Sub-decimetre position component precision can also be attained with this strategy.
The kinematic OD strategy is therefore actually based on an underlying dynamic formulation, however dynamic modelling errors are circumvented. The strategy relies almost entirely on the precision of the GPS observations and the strength of the observing geometry ( that is, the relative location of the LEO and terrestrial receivers with respect to the GPS constellation, and the continuous GPS satellite tracking from the SGPS receiver and the terrestrial GPS receiver array.
The previous two strategies each have counterbalancing disadvantages: various mis-modelling errors in dynamic OD, and GPS measurement noise in kinematic OD. A hybrid dynamic and kinematic OD strategy would down-weight the errors caused by each strategy, but still utilise the strengths of each. One such strategy has been devised and is referred to as reduced dynamic orbit determination.
Its basis is again the kinematic correction of the dynamic solution with continuous GPS data. However, by not completely removing the LEO dynamic and spacecraft models, a more accurate solution is possible because sensitivity to mis-modelling and GPS measurement error are both reduced. The weighting of the kinematic and dynamic data is performed again via the Kalman filter process noise. The process noise model contains two primary parameters: a time constant that defines the correlation in the dynamic model error over one update interval, and the dynamic model steady state variance. When the time constant approaches infinite and the steady state variance approaches 0, the technique reduces to the dynamic strategy, and when time constant approaches 0 and the steady state variance approached infinite, it approximates the kinematic strategy.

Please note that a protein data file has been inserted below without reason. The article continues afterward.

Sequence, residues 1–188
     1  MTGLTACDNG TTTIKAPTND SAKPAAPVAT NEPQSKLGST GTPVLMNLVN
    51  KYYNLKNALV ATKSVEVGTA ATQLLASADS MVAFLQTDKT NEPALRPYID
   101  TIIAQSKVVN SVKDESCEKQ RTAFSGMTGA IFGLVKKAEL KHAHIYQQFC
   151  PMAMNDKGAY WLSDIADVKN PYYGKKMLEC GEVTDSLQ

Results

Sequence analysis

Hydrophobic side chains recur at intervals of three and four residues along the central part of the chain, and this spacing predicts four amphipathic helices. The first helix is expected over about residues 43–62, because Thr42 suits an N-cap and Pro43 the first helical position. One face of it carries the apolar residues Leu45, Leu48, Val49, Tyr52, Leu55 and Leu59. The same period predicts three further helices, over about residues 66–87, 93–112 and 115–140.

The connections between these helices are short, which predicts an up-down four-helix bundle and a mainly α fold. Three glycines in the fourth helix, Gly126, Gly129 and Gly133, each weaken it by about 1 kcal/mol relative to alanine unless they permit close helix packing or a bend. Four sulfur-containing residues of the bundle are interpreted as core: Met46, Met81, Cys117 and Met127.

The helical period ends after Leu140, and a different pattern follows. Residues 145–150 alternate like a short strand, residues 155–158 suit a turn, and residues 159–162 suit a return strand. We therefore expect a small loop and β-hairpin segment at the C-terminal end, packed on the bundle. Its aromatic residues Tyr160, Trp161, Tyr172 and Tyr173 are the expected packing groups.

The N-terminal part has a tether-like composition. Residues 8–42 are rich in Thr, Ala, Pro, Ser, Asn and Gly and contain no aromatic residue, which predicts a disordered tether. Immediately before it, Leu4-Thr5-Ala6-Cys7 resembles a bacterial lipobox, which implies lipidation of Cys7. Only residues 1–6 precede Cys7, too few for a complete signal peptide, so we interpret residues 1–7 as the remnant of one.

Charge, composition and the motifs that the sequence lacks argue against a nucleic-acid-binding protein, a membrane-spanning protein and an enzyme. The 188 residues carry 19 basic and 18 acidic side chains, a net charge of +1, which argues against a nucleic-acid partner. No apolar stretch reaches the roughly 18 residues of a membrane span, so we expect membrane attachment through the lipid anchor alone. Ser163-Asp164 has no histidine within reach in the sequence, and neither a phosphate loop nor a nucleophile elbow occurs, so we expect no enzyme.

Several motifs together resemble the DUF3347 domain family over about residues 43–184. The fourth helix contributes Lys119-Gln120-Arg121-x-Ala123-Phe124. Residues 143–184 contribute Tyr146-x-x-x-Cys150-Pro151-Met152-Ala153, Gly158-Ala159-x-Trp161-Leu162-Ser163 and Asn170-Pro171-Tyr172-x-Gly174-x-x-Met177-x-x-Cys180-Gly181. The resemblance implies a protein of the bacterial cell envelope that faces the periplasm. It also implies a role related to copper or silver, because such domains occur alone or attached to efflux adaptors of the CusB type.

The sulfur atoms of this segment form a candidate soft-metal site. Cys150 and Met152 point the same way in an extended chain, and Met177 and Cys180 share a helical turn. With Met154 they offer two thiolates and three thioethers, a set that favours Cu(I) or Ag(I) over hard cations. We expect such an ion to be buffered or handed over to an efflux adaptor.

Orbit determination results using the reduced dynamic technique for the TOPEX/Poseidon satellite have been consistent with results obtained with conventional dynamic techniques using GPS, and SLR and DORIS tracking data. Moreover, using refined dynamic models produces solutions that are even more similar.
In the hybrid strategy, the proper weights of the process noise parameters must be chosen to give the most accurate orbit solution. These values can be derived from computer simulations, covariance analysis, or can be determined from real data. Once the correction parameter values are used, this strategy provides equal or better accuracy compared to the other two strategies.
- The TOPEX/Poseidon mission has undergone the most rigorous GPS POD and POD research. Orbits that are accurate to approximately one decimetre in each position component exist for this and most other POD missions.
Related Internet Sites:
Yunck, T. P. (1996). "Orbit determination." In Global Positioning System: Theory and Applications Volume 2, Eds. B.W. Parkinson, J.J. Spilker Jr., Progress in Astronautics and Aeronautics Volume 164, American Institute of Aeronautics and Astronautics, Inc., Washington, D.C., U.S.A., pp. 559-592.